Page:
Dow closes up nearly 100 points at new record, shrugging off fallout from margin-call rout

Wall Street points to a lower open after Friday's late-day bounce
Wall Street points to a lower open after Friday's late-day bounce

The Dow Jones Industrial Average rose to a new record on Monday despite weakness in bank stocks caught in the downdraft of Friday's margin call.

The Dow erased a 160-point loss and closed up 98 points at a fresh record of 33,171. The S&P 500 fell 0.09% to 3,971 after falling as much as 0.8% earlier. The Nasdaq Composite slipped 0.6% to 13,059.

Shares of ViacomCBS and Discovery swung between losses and gains after intense selling pressure last week. The two companies were believed to be hit by forced liquidation of positions held by the multibillion dollar family office Archegos Capital Management, a source familiar with the situation told CNBC.

Discovery lost 1.6%, while ViacomCBS dropped 6.7%. The two companies had lost 27% apiece during Friday's selloff.

Elsewhere, Boeing gained 2.3% on news that Southwest Airlines had added 100 orders for the airliner's 737 Max jet. The first 30 jets are scheduled for delivery in 2022.

Credit Suisse shares tumbled 11.5% as the bank warned it would face a "significant" hit to its first-quarter results due to the bank having to exit hedge fund positions related to the forced selling. Nomura also warned that it could get hit, sending its shares down 14%.

Bank stocks weighed on the Dow industrials, with Morgan Stanley dropping 2.6% and JPMorgan Chase off 1.6%. The weakness came as government bond yields edged higher to start the week.

Though stocks were taking a hit from the Archegos stumble, the situation is unlikely to have lasting impacts on the broader market, according to Bespoke Investment Group.

"While other funds may be caught in the mess, we fail to see how this specific car crash of a trade ends up propagating across the financial system via counterparty default," Bespoke said in its morning note. However, the firm did caution that investors should "get used to the GMEs and Archegos of the world, because they seem to be happening with more frequency even if their fall-out is contained."

On Friday, all three major benchmarks rallied to their session highs into the close with the blue-chip Dow closing about 450 points higher. The S&P 500 eventually climbed 1.7% to hit a record closing high. The Nasdaq Composite wiped out a 0.8% loss and ended Friday 1.2% higher.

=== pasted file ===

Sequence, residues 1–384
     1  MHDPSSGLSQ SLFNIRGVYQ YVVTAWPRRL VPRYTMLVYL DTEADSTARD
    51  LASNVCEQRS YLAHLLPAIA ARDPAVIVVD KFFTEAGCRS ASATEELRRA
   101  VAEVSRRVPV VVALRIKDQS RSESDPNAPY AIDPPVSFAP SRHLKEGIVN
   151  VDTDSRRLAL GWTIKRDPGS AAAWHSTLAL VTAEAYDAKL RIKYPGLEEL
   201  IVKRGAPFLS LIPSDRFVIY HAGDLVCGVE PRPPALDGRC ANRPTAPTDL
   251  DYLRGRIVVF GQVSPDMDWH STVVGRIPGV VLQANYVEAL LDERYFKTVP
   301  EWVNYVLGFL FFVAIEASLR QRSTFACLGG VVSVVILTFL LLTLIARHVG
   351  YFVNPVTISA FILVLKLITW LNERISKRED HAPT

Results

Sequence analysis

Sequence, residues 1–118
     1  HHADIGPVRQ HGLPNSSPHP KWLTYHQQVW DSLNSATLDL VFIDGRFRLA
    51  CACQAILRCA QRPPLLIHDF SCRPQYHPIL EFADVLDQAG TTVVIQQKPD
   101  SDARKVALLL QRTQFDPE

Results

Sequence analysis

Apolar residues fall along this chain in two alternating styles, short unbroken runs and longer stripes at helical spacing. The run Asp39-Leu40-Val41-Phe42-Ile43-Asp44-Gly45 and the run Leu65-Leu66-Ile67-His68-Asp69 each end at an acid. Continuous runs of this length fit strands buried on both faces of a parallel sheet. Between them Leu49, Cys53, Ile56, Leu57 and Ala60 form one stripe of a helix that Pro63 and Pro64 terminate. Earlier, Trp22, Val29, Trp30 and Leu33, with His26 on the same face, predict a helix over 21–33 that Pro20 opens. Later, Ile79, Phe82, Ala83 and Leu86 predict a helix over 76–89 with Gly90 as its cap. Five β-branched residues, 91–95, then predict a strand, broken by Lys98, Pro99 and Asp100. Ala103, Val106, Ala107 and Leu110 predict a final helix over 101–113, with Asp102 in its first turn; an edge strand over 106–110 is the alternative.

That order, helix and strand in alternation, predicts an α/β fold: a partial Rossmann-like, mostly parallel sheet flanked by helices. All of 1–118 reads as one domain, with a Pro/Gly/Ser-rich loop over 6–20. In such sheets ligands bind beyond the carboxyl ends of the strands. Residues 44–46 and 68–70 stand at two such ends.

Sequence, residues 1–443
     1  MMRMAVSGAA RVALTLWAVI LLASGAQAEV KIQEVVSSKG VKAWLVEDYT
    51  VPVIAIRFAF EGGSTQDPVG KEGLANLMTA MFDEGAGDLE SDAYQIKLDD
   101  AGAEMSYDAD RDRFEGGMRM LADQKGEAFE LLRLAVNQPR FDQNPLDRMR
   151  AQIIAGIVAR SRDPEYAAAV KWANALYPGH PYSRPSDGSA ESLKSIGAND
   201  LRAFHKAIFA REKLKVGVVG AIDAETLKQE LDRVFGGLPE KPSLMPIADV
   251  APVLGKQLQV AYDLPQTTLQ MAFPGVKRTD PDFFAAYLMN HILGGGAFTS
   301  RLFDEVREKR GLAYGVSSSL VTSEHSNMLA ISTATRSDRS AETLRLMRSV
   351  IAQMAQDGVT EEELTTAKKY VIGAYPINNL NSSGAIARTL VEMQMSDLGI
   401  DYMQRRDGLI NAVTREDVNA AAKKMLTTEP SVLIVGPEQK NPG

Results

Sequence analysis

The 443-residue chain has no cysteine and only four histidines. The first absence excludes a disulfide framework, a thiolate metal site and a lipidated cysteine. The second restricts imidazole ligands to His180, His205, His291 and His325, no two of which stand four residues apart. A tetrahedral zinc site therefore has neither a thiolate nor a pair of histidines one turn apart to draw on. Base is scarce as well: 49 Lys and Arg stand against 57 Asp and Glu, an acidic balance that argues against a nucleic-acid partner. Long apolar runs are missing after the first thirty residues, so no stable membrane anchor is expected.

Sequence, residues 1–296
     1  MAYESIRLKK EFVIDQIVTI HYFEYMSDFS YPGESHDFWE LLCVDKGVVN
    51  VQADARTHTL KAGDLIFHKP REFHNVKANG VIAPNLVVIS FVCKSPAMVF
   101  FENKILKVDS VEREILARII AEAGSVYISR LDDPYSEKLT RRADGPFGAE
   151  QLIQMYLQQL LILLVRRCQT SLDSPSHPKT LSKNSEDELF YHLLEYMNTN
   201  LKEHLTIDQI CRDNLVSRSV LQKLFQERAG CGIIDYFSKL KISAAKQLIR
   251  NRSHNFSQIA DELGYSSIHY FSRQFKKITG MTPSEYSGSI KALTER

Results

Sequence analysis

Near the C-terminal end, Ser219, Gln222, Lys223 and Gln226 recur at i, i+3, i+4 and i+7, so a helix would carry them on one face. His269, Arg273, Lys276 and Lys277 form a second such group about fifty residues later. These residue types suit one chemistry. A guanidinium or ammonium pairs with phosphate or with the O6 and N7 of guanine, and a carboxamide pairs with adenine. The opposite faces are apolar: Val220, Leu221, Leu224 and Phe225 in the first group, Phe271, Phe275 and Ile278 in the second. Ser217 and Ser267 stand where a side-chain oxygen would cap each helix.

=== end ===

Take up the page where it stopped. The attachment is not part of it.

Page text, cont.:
Traders are bracing for heightened volatility during this holiday-shortened week with quarter-end rebalancing among pension funds and other big investors. The recent swift advance in bond yields could set up money managers for big adjustments in their portfolios.

The Dow and the S&P 500 have risen 7.2% and 4.2%, respectively, so far in March. The tech-heavy Nasdaq, however, has dipped 1% this month as some investors jumped high-flying technology names amid rising yields.

Investors are awaiting updates from President Joe Biden about his infrastructure plan which could cost north of $3 trillion. The president is expected to unveil his plan when he travels to Pittsburgh on Wednesday and also detail how it would be paid for. White House press secretary Jen Psaki said Sunday Biden plans to roll out two packages in the coming months, the first covering infrastructure and the second covering health and family care.

"The market isn't placing very high odds on this infrastructure/tax blueprint coming to fruition and while Biden probably won't get everything he's asking for, Congressional Democrats and the White House are VERY intent on passing some substantial bills in the coming months," Adam Crisafulli, founder of Vital Knowledge, said in a note.

The stock market is closed for the Good Friday holiday, but the March jobs report is still slated for release that morning. Economists expect 630,000 jobs were added in March, and the unemployment rate fell to 6% from 6.2%, according to Dow Jones.